Sun's leadership change-up gets mixed reviews
- By John K. Waters
- April 25, 2006
Sun Microsystems co-founder Scott McNealy resigned his position as CEO on Monday after 22 years at the helm of the Silicon Valley-based enterprise systems company that created Java, developed the Solaris OS and Sparc microprocessors, and coined the phrase "the network is the computer." Current president, COO, and heir apparent Jonathan Schwartz took over as CEO with McNealy's blessing. McNealy will stay on as chairman of the board and full-time "chief evangelist."
Both McNealy and Schwartz stressed that Sun's strategy going forward would continue its current trajectory, and that the two would continue their close association. "He and I can finish each other's sentences," McNealy said. "We're very aligned."
Rob Enderle, principal analyst with the Enderle Group, isn't sure that close alignment is such a good thing for Sun. "Sun is ripe for a turnaround manager," Enderle says, "but [Schwartz] isn’t that kind of a guy. I think they should have chosen someone with a different skill set to return employee and customer confidence. I wouldn't expect to see a lot of change. Sun largely remains a damaged property and this [leadership shift] doesn’t fix that."
"But I don’t know who their alternatives were," he adds. "Sometimes it's better to go with the devil you know."
This leadership change at Sun has been rumored for months and comes in the wake of disappointing earnings for the company fiscal third quarter, which ended March 26. On the day McNealy announced that he would be stepping down, Sun reported a loss of $217 million for the quarter, compared with a year-ago loss of $28 million.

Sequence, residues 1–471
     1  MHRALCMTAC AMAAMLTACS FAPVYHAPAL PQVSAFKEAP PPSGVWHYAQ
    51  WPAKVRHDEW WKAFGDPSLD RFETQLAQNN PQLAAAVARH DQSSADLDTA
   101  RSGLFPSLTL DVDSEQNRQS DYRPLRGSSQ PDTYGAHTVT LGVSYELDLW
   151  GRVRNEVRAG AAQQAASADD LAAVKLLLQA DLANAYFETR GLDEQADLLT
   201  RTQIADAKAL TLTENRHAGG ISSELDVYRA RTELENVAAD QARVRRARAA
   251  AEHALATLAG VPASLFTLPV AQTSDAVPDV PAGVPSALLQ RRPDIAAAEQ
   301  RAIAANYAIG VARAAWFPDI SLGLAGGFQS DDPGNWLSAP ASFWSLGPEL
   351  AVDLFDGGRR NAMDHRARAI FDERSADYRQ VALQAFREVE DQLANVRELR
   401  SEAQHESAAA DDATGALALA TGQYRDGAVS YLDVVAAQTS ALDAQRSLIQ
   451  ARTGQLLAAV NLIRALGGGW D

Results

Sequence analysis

During a conference call with reporters and analysts McNealy and Schwartz were relentlessly upbeat about the leadership change, the compatibility of their individual visions for the company, and Sun's prospects going forward.
"I believe we're handing off…a fairly solid company," McNealy said. "We generated another big pile of cash last quarter, and we're very fiscally sound. With $4.4 billion in the bank, we've got the cash to play long-term."
McNealy headed off questions about the timing of the leadership transition, saying that he believed he could not step down after the dotcom crash ("post-bubble") until the company had stabilized, and that "it was going too fast to hand off during the bubble."
Asked whether he would be implementing any significant shift in Sun's strategy, Schwartz was quick to respond with an emphatic. "No." He adds, "Here is our vision: The network is the computer.”
But Schwartz also said that he would undertake a broader-than-usual review of Sun's business plan, though he insisted that he was not planning any drastic layoffs.
Schwartz, 40, joined Sun in 1996 with the acquisition of Lighthouse Design. In 2001 he organized the Liberty Alliance to respond to Microsoft's Passport sign-on initiative. He then served two years as EVP of software.
Schwartz said that he would need McNealy's support to "pull off the next big transformation at Sun," which, he said, "is all about growing to an opportunity that only seems to get bigger in front of us."
John K. Waters is a freelance writer based in Silicon Valley. He can be reached
at [email protected].